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Classic Mix

Is there honestly anything left to say about one of the most over-analysed productions in the history of rock music? (Check out this, for instance, if you dare…) Notwithstanding, it seems to me that most of the column inches this song has generated have been marvelling at its many startling and unusual features. Whereas what actually interests me most from a production perspective is how the hell Roy Thomas Baker and the band managed to bind a bunch of such contrasting episodes into a musically satisfying whole.

Probably the most obvious device is the way the lyrics keep calling back to the lines “any way the wind blows / doesn’t really matter to me”, first heard in the intro section at 0:38. So we get “as if nothing really matters” in the lead vocal at the end of verse one (1:40); “any way the wind blows” sneaking in as a backing-vocal line at 2:25; and then three iterations of “nothing really matters” and a final “any way the wind blows” in the outro section from 5:10. Plus there’s also the intro’s “I’m just a poor boy” (0:25) that recurs in the operatic section following “magnifico” (3:22).

There are recurring melodic motifs too, most notably the little chromatic oscillation first heard on “easy come, easy go, little high, little low” (0:32) and which later becomes an important feature of the operatic section: “I see a little silhouetto of a man” (3:05); “I’m just a poor boy, nobody loves me” (3:22); and “easy come, easy go” (3:33). However, I’d say the broader idea of step-wise melodic oscillations permeates much deeper, including “Mama, ooh” (1:22 and 2:22), “as if nothing really matters” (1:40), “he’s just a poor boy from a poor family” (3:25), “will not let you go” (3:38-3:49), and “just gotta get right out of here” (4:34).

Fragments of chromatic scales are a pervasive feature of the whole song as well, most memorably in the oscillating piano riffs at 1:44, 3:32, and 5:42 (and, to my mind, underpinning “me” at 5:26 in elongated form too), although there’s also the rising chromatic F-Gb-G-G#-A melody of “thunderbolts and lightning, very very frightening me”, which helps make sense of that breakneck Db-Ab-C-E-A harmonic progression. But for me it’s in the bass that the chromatic motion makes the biggest impact, with the C-B-Bb-A-Ab-G line underpinning the Cm-F progressions at 1:15 (now I’ve gone and thrown it all away") and 2:15 (“leave you all behind and face the truth”), and the F-E-Eb-D line below the F chords at 1:29, 2:28, 2:42, and 2:55. The last of those instances is especially interesting, because it extends the scale to F-E-Eb-D-Db-C-Cb-Bb-A, thereby providing melodic logic to the stark Fm-Db-A harmonic transition that leads into the operatic section. And using the chromatic scale to make sense of an angular harmonic progression like this isn’t the only similarity with “thunderbolts and lightning…” either, because those two chord patterns also share an unusual major-third root sequence, the former falling F-Db-A and the latter rising Ab-C-E.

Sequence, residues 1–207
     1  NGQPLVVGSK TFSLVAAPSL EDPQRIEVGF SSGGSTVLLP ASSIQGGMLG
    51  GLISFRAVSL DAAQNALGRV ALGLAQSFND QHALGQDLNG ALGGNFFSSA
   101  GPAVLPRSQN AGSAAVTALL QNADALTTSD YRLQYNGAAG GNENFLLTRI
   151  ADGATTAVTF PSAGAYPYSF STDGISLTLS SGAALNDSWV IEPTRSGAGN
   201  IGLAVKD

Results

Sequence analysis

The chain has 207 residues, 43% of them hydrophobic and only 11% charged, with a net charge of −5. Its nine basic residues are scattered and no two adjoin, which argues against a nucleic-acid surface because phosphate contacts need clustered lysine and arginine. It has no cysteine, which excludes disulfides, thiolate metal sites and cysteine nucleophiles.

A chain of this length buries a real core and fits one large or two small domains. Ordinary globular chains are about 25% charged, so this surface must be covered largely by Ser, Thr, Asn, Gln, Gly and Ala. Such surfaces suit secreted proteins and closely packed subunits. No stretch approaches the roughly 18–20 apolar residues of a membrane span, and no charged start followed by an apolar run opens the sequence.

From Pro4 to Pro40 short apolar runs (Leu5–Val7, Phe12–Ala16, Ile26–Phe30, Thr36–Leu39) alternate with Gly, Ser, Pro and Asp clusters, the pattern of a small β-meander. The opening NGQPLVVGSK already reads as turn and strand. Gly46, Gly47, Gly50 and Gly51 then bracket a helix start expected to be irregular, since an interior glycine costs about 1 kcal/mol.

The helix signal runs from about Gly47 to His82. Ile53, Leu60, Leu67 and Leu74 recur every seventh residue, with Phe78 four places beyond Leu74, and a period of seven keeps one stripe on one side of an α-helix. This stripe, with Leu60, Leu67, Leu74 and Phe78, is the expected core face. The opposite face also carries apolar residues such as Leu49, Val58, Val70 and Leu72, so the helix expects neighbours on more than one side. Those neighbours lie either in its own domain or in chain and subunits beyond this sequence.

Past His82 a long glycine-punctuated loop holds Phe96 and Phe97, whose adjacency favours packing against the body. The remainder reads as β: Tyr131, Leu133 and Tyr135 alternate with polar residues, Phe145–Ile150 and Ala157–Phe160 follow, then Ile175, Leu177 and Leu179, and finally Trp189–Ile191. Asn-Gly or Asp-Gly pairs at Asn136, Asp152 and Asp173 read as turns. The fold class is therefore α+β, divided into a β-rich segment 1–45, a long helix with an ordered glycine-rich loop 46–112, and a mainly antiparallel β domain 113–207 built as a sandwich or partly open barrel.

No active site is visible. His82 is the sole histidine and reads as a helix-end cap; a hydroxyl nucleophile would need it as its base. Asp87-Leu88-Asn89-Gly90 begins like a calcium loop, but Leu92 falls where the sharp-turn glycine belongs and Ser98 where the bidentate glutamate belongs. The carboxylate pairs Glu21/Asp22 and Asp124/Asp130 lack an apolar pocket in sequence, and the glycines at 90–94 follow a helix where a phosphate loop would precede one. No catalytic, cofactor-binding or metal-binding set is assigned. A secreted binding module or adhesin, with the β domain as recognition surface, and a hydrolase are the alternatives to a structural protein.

Another harmonic manoeuvre that links the operatic section with the rest of the song is when the section “let me go, no, no, no, no, no, no, no” (3:49) features a F#-Bm-A-D-Db-Gb progression that’s subsequently echoed a semitone higher ( G-Cm-Bb-Eb-D-Gm) during one of my own personal favourite moments at 5:10, heralded by the “ooh yeah” backing vocals. Indeed, I’d suggest that part of the sense of closure that the whole 4:54-5:26 section provides derives from its synthesis of the verse’s pervasive I-vi-ii-V progression and characteristic flattened subdominant chord moment (at 1:41 under “nothing really matters”) with the opera section’s “no, no, no…” progression and repeated “Scaramouche”/“Bismillah” harmonic oscillations – the latter concept manifesting for me as G-Cm-G-Cm under the “ooh yeah” BVs at 5:00 and Gm-Cm-Gm-Cm under “nothing really matters, anyone can see” at 5:11.

And speaking of the verse’s I-vi-ii-V harmonic patterns, it’s clear than falling-fifths root progressions in general constitute another musical connection with the operatic section, although there scorning the same orderly cycle-of-fifths patterns we see in the verses. So not only does “let me go, no, no, no, no, no, no, no” (3:49) feature a dislocated series of falling fifths ( F#-B; A-D; Db-Gb; Bb-Ab), but it’s also quickly followed by a Bb-Eb-Ab-D-Gm cycle of fifths under “Beelzebub has a devil put aside,” made ‘crooked’ by the diminished fifth between Ab and D.

But what does all this muso navel-gazing mean in practical terms? Well, as I see it, the only decent reason I can muster for analysing music at all is that it can reveal new tools for your own music-making. And in this case, the main takeaway for me is that you can usefully bolster the musical cohesion of musically wide-ranging productions by cross-pollinating elements of lyrical, melodic, and harmonic material between their contrasting sections. Oh, and that you can write a hit song that modulates – at least five times in this case, with a Bb-Eb modulation actually built into the main verse section!